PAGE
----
What is the simplest solar system? Let’s take a look at one. Though it will not take our entire house off-grid, we can get our feet wet as we work towards understanding off-grid systems.
This is the second episode of the Going Off-Grid series. To start at the beginning, see the Introduction.
Listen to the Podcast
I’m anxious to dive into a very simple PV system, but first…
How I Use Podcasts
I’m a huge consumer of podcasts. They are an efficient way of utilizing some of the time I spend throughout the day. I can be mowing the lawn, gardening or building a solar array and still keep up with current events, educate myself on some new topic or just be entertained.
However, podcasts have their limitations. They are largely audio-only. Though iTunes and other podcast directories support video files, it is still not practical to do video podcasts.
And I Also Use YouTube
If a picture is worth a thousand words, a video is worth millions. That’s why I’m also a big user of YouTube.
So, we are going to do something a little different with this episode – an experiment, if you will.
I often refer to the “show notes”. They can be very helpful. They often contain additional information not included in the podcast. Sometimes I forget to mention something. Or I’ve included a link to an online resource. Sometimes I provide pictures or diagrams. In this case, I’m going to include a YouTube video that demonstrates a most basic example of a solar system.
To find the Show Notes for the current episode, there may be a link in your podcast player. If not, the Show Notes for each episode are located on higher-octave.com/[episode #]. Since this is episode 10, the URL for the notes is http://higher-octave.com/10.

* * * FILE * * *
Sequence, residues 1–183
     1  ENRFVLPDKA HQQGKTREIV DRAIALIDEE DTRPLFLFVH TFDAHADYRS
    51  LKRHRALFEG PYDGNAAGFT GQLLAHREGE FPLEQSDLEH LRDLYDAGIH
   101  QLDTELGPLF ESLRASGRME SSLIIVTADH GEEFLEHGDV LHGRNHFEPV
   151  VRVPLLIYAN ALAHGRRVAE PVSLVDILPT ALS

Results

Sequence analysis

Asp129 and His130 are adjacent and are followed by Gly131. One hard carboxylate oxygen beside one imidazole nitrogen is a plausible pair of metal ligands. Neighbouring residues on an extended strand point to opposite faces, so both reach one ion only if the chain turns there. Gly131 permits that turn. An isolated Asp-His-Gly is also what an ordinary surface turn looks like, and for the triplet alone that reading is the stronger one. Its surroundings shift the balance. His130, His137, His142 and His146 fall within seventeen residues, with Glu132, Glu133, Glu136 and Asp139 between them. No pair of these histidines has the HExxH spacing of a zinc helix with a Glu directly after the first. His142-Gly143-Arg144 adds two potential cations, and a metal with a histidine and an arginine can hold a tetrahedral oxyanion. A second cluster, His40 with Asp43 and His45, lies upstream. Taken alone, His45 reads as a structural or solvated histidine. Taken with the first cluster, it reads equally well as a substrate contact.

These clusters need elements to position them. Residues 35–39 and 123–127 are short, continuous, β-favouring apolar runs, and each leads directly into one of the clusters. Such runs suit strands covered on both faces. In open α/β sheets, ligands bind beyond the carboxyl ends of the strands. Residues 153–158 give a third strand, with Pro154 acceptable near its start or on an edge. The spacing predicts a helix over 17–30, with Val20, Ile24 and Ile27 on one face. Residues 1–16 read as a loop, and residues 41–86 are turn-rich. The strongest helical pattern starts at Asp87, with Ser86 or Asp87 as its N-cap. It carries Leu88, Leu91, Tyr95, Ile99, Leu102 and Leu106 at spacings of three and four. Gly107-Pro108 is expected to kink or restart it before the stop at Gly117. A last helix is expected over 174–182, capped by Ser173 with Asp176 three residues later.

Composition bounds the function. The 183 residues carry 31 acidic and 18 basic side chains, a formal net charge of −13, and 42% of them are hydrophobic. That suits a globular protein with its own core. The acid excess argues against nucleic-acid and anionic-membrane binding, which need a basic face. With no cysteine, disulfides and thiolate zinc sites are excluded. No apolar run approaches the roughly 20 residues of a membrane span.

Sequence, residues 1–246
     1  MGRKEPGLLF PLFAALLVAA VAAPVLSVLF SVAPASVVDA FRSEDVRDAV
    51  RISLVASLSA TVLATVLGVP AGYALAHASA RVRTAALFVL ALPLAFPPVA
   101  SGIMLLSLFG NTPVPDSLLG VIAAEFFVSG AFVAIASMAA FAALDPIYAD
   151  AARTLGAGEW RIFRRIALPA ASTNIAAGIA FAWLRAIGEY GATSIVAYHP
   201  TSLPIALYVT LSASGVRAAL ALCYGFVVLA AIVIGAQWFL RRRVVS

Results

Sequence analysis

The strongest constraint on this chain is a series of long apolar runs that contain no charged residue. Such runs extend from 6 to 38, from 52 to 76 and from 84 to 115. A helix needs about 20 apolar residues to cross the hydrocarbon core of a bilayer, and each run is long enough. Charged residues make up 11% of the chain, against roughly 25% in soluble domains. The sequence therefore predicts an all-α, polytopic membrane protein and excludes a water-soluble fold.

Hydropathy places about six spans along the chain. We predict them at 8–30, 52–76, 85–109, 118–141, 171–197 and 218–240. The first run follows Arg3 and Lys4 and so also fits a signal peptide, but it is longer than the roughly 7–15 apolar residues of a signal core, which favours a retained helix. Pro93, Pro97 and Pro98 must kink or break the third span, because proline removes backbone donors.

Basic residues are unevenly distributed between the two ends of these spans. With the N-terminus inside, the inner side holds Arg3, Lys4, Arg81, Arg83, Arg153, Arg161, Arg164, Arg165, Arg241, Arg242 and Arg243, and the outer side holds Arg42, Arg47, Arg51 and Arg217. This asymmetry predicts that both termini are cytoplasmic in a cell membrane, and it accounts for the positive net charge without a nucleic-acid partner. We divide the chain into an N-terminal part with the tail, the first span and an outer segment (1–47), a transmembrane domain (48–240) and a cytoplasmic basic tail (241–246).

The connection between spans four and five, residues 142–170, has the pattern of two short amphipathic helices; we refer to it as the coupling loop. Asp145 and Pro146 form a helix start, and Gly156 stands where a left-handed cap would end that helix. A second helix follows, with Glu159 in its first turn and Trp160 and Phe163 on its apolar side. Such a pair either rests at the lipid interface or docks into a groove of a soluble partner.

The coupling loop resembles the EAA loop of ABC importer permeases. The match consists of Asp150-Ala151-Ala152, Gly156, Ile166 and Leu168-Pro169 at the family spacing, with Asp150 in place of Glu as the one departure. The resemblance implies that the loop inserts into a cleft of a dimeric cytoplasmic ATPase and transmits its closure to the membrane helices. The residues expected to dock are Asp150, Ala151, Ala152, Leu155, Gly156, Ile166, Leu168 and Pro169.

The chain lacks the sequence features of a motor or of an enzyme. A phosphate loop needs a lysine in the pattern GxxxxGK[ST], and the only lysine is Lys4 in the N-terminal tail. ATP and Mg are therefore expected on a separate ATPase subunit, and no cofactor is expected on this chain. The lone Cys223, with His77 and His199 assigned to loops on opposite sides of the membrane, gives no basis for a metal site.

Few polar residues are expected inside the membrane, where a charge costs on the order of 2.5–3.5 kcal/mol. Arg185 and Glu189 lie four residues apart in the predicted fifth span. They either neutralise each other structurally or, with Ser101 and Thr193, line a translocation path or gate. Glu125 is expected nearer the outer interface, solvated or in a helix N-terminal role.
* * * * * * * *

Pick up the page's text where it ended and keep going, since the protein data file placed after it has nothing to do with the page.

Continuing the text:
And you can always go to http://higher-octave.com/ to view all of the podcast episodes and show notes listed, the most recent first.
So, now we will get into the video portion of the podcast. If you are driving or something else that requires your attention, just make a mental note to return to the show notes later.
Off-Grid – Most Basic Example – Video Portion
In this video we have the most basic example of a solar system. It is only composed of two components:
- 12 Volt Solar Panel Trickle Charger: 18.8V Max * 170 mA = 3.2 W
- 12 Volt DC Fan
Sorry, it was hot and my iPad overheated, but I was wrapping it up, anyway.
The electrical diagram of this system is very simple. This diagram will grow with each episode, as we add more components.
A Couple More Videos on Electricity
These two videos are a bit more technical and approach previously presented concepts in a slightly different way:
What is Voltage? Let’s start here. Lesson 1 of 2
AC and DC power: Voltage Lesson 2 of 2
In the next episode, we will address how we can have power when the sun isn’t shining.
If you get value out of this podcast, please share with your friends and, most importantly, be well.